It’s easy to fall into an “us versus them” mode with Millennials, especially by older workers; however, it’s important to find ways to break that circuit by accepting the differences, and by putting their unique talents and skills to work for your community.
By Susan Saldibar
We still seem to have a tug-of-war going on between Millennials ready to show their capabilities and the “our way has worked, why change it?” mindset of so many senior living communities.
While all the squabble continues, iTacit, a Senior Housing Forum partner, continues to meet the needs of both generations. That means allowing companies to assign both online and classroom training, so workers can use the iTacit dashboard to organize the classes they have taken, need to take, or are in the process of taking. All on the employees’ terms, of course.
What iTacit has done is to break the tug-of-war cycle by accommodating everyone; encouraging Millennial input from the start, then putting it into play in the form of practical solutions that let Millennials work their way, rather than forcing them into rigid, outdated programs. So here is some of iTacit’s hard-earned advice for the training a new generation workforce:
Don’t push manuals at them. iTacit advises those senior living communities still pushing manuals and classroom learning sessions on young workers to get going with online training. A classroom structure may work for fine tuning of skills and hands on exercises, but for everything else, Millennials seek flexibility. Going digital doesn’t mean purchasing or creating all new material. With iTacit, you can easily upload your existing courses.
Use tools and platforms they are comfortable with. According to the latest Deloitte Digital Democracy survey, Millennials expect what they term a “consumer-level technology experience” at work. That means they hold an assumption that their behavior and the way they interact in their work environment should reflect their non-work, everyday behavior, which is centered around social media, use of apps, and mobile computing. (Google “Millennials and Lotus Notes” and you’ll find plenty of explicit opinions on this topic.) Using devices and apps isn’t just one way to work and interact; it’s the only way they know.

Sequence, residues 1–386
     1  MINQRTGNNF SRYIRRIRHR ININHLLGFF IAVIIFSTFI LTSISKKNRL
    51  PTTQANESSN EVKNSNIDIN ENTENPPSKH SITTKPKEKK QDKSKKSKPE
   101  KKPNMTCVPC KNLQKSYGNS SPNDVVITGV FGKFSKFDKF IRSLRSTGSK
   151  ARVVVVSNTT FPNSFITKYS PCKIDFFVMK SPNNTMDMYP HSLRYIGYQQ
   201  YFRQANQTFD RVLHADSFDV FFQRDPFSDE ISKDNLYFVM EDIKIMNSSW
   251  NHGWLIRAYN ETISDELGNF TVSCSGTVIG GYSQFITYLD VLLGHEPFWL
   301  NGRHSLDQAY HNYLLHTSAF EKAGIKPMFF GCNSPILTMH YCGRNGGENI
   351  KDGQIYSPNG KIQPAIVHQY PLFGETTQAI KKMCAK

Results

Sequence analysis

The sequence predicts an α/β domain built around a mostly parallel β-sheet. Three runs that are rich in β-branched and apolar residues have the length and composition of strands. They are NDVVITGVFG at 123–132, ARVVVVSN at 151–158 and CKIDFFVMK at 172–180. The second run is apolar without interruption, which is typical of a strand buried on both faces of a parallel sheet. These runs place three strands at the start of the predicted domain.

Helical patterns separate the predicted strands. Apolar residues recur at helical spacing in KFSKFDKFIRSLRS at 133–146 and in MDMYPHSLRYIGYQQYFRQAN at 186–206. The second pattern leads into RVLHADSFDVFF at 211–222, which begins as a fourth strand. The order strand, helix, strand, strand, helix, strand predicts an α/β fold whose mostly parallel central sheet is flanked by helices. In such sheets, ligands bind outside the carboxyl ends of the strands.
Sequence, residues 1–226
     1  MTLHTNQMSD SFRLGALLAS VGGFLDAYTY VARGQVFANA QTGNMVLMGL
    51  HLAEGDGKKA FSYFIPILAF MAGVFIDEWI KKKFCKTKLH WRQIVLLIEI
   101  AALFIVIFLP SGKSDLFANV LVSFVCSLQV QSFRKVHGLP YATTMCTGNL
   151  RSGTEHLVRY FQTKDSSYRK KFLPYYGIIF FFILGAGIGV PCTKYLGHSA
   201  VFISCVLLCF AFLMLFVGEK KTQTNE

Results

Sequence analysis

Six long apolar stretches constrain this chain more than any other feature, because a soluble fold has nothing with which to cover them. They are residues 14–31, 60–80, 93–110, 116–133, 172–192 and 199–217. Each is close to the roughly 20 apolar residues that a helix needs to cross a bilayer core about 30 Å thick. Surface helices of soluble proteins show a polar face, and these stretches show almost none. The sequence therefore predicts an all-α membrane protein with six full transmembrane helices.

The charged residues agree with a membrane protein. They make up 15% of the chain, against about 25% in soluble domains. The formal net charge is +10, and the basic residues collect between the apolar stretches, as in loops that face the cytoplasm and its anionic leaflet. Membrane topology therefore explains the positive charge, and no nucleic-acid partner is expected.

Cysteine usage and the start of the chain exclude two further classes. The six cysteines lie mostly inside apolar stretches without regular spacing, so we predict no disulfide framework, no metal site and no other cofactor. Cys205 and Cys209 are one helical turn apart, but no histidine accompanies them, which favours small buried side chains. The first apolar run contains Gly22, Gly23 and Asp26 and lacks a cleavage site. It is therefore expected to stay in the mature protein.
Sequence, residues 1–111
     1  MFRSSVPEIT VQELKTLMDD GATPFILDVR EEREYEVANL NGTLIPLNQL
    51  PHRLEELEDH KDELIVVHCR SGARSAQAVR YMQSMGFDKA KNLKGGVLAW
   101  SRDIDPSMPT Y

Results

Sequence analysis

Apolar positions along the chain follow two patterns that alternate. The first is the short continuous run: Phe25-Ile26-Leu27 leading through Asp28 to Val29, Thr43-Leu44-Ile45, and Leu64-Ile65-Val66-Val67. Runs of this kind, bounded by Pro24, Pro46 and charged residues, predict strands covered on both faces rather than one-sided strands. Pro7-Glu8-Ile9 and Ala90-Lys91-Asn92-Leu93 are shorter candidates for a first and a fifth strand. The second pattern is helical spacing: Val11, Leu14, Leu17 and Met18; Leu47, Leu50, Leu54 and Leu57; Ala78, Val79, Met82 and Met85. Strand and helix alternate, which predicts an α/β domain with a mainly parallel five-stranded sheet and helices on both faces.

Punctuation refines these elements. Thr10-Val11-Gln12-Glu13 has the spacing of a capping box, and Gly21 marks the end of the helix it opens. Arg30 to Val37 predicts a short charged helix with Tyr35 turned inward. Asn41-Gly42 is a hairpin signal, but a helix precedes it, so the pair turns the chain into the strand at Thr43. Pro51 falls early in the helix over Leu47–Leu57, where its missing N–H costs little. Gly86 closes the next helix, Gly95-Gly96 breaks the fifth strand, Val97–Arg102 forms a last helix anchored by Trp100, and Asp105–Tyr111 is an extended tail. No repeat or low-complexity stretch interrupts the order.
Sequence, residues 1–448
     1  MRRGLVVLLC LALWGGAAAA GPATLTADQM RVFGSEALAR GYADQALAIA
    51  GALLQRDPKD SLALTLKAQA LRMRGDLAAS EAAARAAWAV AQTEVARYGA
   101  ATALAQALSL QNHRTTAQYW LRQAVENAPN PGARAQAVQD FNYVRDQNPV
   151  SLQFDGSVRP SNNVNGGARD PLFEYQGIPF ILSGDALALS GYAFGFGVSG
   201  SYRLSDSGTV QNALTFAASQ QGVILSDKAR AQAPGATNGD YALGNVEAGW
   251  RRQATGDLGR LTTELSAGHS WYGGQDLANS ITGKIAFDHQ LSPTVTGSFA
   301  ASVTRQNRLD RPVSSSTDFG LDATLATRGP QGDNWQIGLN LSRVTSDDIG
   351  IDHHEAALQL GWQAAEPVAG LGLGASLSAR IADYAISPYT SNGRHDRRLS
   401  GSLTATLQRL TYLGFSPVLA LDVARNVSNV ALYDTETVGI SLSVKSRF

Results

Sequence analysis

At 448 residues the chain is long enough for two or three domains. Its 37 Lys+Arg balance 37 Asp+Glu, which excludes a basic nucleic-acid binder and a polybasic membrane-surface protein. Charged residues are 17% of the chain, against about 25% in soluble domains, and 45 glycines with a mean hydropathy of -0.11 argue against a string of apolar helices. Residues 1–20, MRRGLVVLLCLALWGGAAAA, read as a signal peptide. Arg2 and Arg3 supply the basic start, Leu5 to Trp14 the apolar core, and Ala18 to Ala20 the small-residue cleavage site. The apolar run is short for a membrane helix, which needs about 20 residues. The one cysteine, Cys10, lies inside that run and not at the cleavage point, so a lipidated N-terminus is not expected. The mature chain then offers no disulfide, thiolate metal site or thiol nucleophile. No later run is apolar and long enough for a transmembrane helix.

Gear sessions towards leadership; not just following orders. In The Hartford’s 2015 Millennial Leadership Survey, 60 percent of 797 Millennials surveyed cited leadership training as the top training type they desired. While they can’t expect to rise to the top overnight, encouraging them to take on increasing levels of responsibility will help those who are more capable achieve their potential. And those are the individuals you want to retain, engage and grow within your organization.
Open doors for them, don’t close them.
It’s easy to fall into an “us versus them” mode with Millennials, especially by older workers. (After all, they are often referred to by their elders as the “Me Me Me Generation.”) But it’s important to find ways to break that circuit by accepting the differences, and by putting their unique talents and skills to work for your community. Think more along the lines of: “if you can’t beat ‘em, join ‘em.”
As older workers retire and Millennials establish themselves in increasing numbers, much of the uneasy adjustments will, hopefully, have been made.
The bottom line is that by 2020, Pew estimates that half of the U.S. workforce will be Millennials. They will no longer be a unique, new thing. Like the force the Baby Boomers were when they entered the workforce (and still are!), Millenials will push us all forward.
For more information on how iTacit is closing the generation gap by bringing technology to senior living communities, visit the iTacit website.